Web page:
It’s always fascinating to discover artistic beauty within the often rigid confines of science and engineering. Limited by formulas, scientific method, and the aesthetics of laboratories, one does not expect glamor and artistry to spring forth. Showing this thesis as incorrect on an annual basis, we’re happy to learn that this year’s winners of NSF’s Science and Engineering Visualization Challenge have been announced. Tied for first place is the image above, created by Kai-hung Fung, a radiologist at the Pamela Youde Nethersole Eastern Hospital in Hong Kong, using CT scanner imagery of the sinuses of a patient.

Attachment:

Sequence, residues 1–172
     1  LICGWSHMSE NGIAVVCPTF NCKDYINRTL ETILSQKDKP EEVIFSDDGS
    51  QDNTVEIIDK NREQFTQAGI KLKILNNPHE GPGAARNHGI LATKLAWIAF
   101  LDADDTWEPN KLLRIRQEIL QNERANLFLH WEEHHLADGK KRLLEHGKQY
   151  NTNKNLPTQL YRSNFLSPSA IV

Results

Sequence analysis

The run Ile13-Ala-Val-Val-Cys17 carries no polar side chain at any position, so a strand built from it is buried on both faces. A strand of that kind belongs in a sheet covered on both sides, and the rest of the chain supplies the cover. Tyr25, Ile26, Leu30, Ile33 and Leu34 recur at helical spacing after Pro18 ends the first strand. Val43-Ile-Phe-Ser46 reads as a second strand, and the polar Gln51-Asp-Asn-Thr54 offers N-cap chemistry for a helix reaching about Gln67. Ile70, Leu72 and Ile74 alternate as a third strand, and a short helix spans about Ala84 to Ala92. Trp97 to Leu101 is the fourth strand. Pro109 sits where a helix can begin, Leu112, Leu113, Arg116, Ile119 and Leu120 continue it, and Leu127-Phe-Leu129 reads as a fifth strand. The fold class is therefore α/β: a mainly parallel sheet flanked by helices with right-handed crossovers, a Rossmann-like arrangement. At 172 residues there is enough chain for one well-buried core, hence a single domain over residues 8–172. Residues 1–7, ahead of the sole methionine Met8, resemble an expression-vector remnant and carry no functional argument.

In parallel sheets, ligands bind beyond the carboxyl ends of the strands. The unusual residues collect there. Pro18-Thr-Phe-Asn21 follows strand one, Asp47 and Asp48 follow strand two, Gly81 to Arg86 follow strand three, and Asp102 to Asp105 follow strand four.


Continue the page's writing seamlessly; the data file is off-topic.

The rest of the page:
A computed tomography (CT) scan from a 33-year-old Chinese woman being examined for thyroid disease provided the raw data for Fung’s rendering. He stacked together 182 thin CT “slices” to create a 3D image looking upward at the sinuses from underneath the head. Normally, CT renderings meld slices together into smooth surfaces, but, in what he terms the “Rainbow Technique,” Fung instead broke them apart, creating a topographical map of the airspaces described by the contour lines of individual slices, and colored according to the density of the tissues that border them.
Check out the rest of the Winning Entries…
Press release: 2007 Science and Engineering Visualization Challenge Winners Announced
Flashback: 2006 Science and Engineering Visualization Challenge Winners